Navajo Code Talkers

Jacob Babbitt Tom, Reporter

Sure, most people are well aware of the Native American contributions to the first Thanksgiving, despite the fact that some now feel the holiday is celebrating the beginning of their genocide. However, Native Americans have contributed much to the development of this land we call America over the years.


For example, during the intensity of WWII in 1942, the Allies were working hard, trying to create codes that the Axis couldn’t break, but time after time the Axis would crack the codes until Phillip Johnston came up with an idea to use a language that was highly complex and not well known: Navajo.


The idea for using a Native American language to encode messages started during World War 1 as the Allies had a need to encode messages and had settled on the Choctaw language for the same reason that we chose Navajo language: for its complexity and how nobody outside of the U.S. would have the slightest clue what they were saying. But after the war ended, the Axis had figured out what had happened and learned the code. Since the Japanese had thought that if they learned almost everything about Native American cultures and languages, they would be able to break any Native American code, but they were wrong.


At the beginning of World War 2, the Allies had thought they couldn’t use Native American Languages again because of the Axis having learnt almost every Native American language save a few languages, but the Navajo language proved perfect: it didn’t have its own written language and within its own language was a code such as chay-da-gahi meaning “turtle,” which was the code word for “tank.” The also used the work “salt” for “division” and “clan” for “corps” and “black sheep” for “squad.”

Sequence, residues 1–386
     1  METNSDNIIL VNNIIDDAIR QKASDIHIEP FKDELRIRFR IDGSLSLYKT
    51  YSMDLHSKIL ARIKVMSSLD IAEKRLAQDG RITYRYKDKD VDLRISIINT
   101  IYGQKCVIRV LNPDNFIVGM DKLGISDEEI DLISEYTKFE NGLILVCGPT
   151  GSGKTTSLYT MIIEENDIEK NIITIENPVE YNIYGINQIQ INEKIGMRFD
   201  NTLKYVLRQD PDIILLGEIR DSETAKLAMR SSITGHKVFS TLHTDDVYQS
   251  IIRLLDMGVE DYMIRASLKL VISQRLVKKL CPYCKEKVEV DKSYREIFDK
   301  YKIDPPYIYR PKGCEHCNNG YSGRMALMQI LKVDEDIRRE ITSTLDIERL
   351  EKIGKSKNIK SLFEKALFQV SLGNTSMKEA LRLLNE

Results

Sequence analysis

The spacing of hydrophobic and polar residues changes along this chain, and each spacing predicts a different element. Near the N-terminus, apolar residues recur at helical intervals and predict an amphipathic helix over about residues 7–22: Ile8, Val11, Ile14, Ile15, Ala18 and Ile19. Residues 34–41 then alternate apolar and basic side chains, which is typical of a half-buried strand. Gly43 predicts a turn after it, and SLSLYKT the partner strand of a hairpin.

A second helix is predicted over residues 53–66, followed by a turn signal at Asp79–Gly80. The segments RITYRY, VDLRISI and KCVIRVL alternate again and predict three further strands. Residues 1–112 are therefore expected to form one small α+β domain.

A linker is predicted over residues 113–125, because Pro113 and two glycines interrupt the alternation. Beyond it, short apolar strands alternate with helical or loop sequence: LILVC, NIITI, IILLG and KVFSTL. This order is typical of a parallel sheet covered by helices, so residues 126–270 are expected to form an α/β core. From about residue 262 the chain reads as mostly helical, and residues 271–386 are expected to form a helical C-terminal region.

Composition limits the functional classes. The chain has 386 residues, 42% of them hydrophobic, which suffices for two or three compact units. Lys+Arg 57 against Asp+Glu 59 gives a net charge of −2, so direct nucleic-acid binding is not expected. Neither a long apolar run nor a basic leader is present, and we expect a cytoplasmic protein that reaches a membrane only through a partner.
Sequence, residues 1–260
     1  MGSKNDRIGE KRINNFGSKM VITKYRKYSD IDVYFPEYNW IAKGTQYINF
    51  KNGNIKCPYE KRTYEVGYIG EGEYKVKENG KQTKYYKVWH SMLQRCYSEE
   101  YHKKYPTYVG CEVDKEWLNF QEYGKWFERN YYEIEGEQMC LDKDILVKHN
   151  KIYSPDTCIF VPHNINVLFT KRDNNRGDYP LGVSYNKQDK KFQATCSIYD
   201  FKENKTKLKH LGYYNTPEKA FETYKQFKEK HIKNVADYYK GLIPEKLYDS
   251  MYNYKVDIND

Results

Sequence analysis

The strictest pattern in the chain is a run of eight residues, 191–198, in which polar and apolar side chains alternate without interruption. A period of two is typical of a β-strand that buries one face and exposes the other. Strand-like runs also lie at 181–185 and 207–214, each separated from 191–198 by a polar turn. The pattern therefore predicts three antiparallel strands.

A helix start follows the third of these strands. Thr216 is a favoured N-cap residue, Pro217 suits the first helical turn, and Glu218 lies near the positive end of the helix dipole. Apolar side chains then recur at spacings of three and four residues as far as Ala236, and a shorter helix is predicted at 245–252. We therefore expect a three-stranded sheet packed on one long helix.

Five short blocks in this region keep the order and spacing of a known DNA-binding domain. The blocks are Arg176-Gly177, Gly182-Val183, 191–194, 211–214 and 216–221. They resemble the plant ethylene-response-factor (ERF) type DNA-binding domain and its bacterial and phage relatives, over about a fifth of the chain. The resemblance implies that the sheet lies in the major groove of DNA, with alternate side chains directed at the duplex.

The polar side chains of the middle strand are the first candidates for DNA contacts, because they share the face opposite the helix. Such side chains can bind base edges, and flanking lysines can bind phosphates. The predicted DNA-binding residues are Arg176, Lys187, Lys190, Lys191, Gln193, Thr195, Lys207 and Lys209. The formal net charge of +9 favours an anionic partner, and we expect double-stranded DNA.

Other examples of code words to refer to various leaders included “silver eagle” for “colonel” and “gold oak leaf” for “Major.” Words to refer to countries seem somewhat inappropriate today, but they worked at the time. For example, “slant eye” referred to the Japanese and “red army” for “Russia.” Others seem a little more fitting a creative, like “rolled hat” for “Australia” and “between waters” for “Britain” and “floating islands” for the “Philippines.”